On June 7 2022 at the Bonn Climate Change Conference, the Action for Climate Empowerment (ACE) Dialogue was held to discuss the participation of children and young people in the Glasgow work programme – a global plan to implement climate education, public awareness, training, access to information and participation, and international cooperation. This event included the participation of young people, governments, constituted bodies, experts, practitioners and other stakeholders.
As part of the dialogue Francisco Javier Vera Manzanares, Child Advisor the UN Committee on the Rights of the Child for General Comment 26, and Joni Pegram, Secretariat Member of the Children’s Environmental Rights Initiative (CERI), spoke on the importance of child participation and the integration of children’s rights in the Glasgow work programme. Please see their statements below.
Statement by Francisco Javier Vera Manzanares
Hello everyone, my name is Francisco Vera Manzanares, I am 12 years old, and I am from Colombia. I have an environmental movement called Guardians por la Vida (Guardians for Life) that has 700 young people from Latin America, and I am a Child Advisor for the Committee on the Rights of the Child. This Committee is a team made up of independent experts which seeks to monitor the implementation of the Convention on the Rights of the Child. And, this General Comment, as you know, the Committee on the Rights of the Child makes General Comments from time to time. This General Comment No.26 has a specific focus, it has an approach on climate change. And above all, we want it to be a participatory General Comment, which of course includes this Children’s Advisory Team, as it is being done to generate the General Comment No.26 that has a special focus on human rights, children’s rights and climate change.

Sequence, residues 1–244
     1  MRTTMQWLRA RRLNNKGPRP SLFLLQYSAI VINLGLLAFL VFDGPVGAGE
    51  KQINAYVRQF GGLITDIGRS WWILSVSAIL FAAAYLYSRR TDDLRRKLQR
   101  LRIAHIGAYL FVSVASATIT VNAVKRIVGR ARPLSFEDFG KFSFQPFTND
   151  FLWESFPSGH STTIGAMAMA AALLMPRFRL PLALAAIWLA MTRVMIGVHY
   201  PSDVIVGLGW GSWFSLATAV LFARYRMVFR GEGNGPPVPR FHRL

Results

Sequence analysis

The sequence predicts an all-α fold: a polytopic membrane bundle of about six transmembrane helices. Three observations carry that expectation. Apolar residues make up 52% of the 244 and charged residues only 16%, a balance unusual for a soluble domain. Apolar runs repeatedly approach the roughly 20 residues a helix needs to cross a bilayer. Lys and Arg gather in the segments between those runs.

About my experience in the Children’s Advisory Team and what I like most about it. Well, I think it has been a very nice experience. What I like most about it is that it is a committee, a very diverse team from all over the world. And there are children. We are children who raise our voices, are committed to human rights, to our rights. Well, in general, that’s it! It is a very nice team, and we are working together for this General Comment No. 26.
I believe that what it [climate governance] lacks is the representation of our voice, our voices being heard and acknowledged. We do not need our voices to be given to us and then not acknowledged. I think that the spaces of power and decision-making are still very important for children to influence it. I think that we must also be careful that the same thing does not happen to children as has happened with other minorities, with women, for example, or excluded populations such as women. That they are used only for taking and posing for pictures and that’s it. No, really, I think that including children’s voices is something serious whether they are children from the north, from the south, from the east or the west. We have to include the voice of those powerful citizens of today, of the present, who are us – children.
I believe that this model of an adult-centric society that basically does not take children into account must change. What needs to change is how we recognise and listen to the voice of children.
General Comment No. 26 has a special focus on climate change, the current situation with the climate and the environment. And it turns out that, at the global level, basically, if you look at it, climate change is affecting children quite a lot. So, the role of children is increasing, because they are the main ones affected by the climate crisis, together with women and together with those who are marginalized, made invisible. We [children] are marginalized and invisible from participating in society, from having our voices heard. Why? Because of the climate crisis, that is why the General Comment Number 26 is so important. It is a consultative General Comment, which has consultations and questionnaires, that can reach everyone, so that children can really talk about their reality.
I believe that, in addition to that, we are citizens and, as citizens, we have rights that must be guaranteed by the States, by the parties. So that is the role and the importance of children within the General Comment. They have a very important voice, but they are also the main people affected who, between the future and the present, will increasingly bear the burden of the climate crisis.